ARE YOU BEING HACKED? IT department reels in email phishing

Rebecca Jordan
News Editor

The Information Technology Services department is working to educate students and faculty on cyber security as email phishing attacks are on the rise.

“Unfortunately, it is the time we live in, and it’s just becoming more prevalent. The best measure against email phishing is to educate our users on how to identify an email phish and delete it,” said Sarah Garrand, interim chief information officer for ITS.

Email phishing occurs when hackers send emails out from seemingly legitimate senders. The goal of these hackers is to collect personal information from people and use it to either get into the main companies where the users have accounts, or send links with viruses to other people while they pose as the stolen user.

There are different kinds of email phishing attacks that are categorized based on what hackers are trying to accomplish or obtain by the hack, but the most prevalent is the harvesting of the user’s credentials.

The most recent attempt students were alerted to via email was the CryptoLocker. This system encrypts computer files on a user’s device and then demands payment for the unlocking of these files.

The Phish Bowl is a webpage created by ITS for the purpose of education. The page lists all scams that they have been alerted to and have identified in order to prevent further lapses. “As we become smarter in technologies, [hackers] become smarter in their attacks,” said Garrand. “It’s just going to continue to be an ongoing battle.”

According to ITS, paying attention to email senders before clicking on links is an important step in keeping students and faculty from falling victim to email phishing. Unless the email was sent using a valid email address, it should be brought to the attention of the ITS department. Hudson Valley will never ask for any account information, passwords, or personal information in an email, and do not click on URLs or attachments without knowing the sender.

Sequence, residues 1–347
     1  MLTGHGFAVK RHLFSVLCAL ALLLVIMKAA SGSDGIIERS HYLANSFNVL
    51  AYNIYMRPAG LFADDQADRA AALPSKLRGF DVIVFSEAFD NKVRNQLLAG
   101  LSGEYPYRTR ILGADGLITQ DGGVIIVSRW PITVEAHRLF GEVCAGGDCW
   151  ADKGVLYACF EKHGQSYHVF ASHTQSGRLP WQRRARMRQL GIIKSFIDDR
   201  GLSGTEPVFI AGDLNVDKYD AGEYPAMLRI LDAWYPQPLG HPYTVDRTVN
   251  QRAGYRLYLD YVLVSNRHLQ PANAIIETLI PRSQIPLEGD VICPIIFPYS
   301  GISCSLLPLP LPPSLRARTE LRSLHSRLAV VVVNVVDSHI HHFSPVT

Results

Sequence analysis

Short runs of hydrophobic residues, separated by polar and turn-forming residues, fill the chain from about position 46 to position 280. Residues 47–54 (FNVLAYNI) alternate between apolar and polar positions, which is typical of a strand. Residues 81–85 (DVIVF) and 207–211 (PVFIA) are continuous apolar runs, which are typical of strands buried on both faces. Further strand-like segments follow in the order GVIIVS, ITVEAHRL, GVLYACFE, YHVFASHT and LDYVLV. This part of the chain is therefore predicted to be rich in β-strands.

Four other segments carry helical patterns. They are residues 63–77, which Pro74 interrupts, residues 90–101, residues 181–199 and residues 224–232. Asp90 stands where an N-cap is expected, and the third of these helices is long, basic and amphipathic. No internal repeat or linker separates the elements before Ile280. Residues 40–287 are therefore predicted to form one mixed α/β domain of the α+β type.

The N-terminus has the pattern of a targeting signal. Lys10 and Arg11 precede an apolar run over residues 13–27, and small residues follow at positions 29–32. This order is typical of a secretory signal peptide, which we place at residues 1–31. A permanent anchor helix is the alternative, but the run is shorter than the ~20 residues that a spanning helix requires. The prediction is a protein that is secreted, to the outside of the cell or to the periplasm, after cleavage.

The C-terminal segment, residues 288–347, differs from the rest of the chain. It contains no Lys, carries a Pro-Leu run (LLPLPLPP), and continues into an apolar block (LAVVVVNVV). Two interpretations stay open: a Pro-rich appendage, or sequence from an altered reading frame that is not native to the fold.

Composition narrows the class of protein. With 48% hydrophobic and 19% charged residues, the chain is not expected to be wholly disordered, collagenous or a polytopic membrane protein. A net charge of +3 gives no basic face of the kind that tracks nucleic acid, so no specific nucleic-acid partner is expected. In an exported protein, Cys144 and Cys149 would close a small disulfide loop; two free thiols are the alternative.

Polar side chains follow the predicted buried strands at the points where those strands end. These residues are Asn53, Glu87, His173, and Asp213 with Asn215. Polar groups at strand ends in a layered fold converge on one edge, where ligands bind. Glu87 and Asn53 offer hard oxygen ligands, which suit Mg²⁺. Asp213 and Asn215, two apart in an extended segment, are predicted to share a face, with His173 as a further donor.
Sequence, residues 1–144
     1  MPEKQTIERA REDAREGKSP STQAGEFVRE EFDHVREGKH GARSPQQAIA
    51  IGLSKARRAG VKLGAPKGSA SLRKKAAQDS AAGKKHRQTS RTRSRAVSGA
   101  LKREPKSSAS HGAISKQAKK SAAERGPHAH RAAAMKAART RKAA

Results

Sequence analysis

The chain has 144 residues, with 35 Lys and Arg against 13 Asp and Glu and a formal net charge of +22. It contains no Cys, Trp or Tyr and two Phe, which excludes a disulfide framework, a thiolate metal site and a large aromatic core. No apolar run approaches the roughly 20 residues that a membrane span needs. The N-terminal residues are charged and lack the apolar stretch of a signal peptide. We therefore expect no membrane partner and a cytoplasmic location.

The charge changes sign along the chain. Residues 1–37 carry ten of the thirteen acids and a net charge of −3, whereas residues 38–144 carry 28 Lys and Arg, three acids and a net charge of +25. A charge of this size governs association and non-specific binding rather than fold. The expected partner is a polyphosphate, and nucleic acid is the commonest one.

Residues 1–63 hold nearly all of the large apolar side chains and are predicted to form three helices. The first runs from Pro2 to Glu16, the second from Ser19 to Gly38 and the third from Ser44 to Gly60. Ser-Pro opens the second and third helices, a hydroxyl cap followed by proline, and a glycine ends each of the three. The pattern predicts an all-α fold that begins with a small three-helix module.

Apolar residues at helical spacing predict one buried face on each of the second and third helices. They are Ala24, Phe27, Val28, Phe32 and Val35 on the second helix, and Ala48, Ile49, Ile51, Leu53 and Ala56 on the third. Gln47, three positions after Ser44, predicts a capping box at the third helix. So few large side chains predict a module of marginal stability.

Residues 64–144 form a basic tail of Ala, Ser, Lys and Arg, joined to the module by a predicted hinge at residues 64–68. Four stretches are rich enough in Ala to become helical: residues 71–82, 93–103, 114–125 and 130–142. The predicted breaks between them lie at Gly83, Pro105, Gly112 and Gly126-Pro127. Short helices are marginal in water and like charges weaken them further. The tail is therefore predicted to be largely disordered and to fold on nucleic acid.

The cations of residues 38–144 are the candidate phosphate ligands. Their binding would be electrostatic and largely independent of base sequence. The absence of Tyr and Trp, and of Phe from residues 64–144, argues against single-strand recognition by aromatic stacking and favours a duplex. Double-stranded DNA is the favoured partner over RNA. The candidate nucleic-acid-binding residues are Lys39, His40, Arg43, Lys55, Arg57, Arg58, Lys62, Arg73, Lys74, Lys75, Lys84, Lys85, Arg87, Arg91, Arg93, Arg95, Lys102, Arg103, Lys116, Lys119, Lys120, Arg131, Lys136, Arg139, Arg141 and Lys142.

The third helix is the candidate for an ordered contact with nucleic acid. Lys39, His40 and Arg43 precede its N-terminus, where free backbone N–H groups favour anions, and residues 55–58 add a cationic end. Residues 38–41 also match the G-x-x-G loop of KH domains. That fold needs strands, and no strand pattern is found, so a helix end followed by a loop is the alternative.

Questionable emails can be forwarded to the information security email address found on the Phish Bowl webpage. ITS then reviews these emails and gets back to the user to say whether it is safe to proceed or if, instead, the email should be deleted. “It’s always better to stop and ask before clicking,” said Garrand.

In order to protect passwords, they should not be written down on sticky notes or books. Also, Garrand said that the ITS department is putting a pamphlet together as a resource of best practices when facing a phish.

If a faculty member or student clicks on the wrong link in a suspicious email, and if their account is compromised, the password must be changed immediately. Garrand also pointed out that because many people use the same password across multiple online entities, these accounts are also at risk once an email phish has been successful and should be changed as well.
“We have had a few instances where employees have clicked,” said Garrand. She mentioned that the employees were then asked to come speak with ITS so they could be educated on how the email phish occurred, what exactly happened to their account, and how to prevent the same thing from happening in the future.

Email phishing is harmful to the security of college technologies and accounts, as well as the damage done on the Hudson Valley name itself. Garrand said, “The bad part is that it negatively impacts the institution because it looks like thousands of emails going out to several other people in the world are being generated from a fake Hudson Valley email address.”

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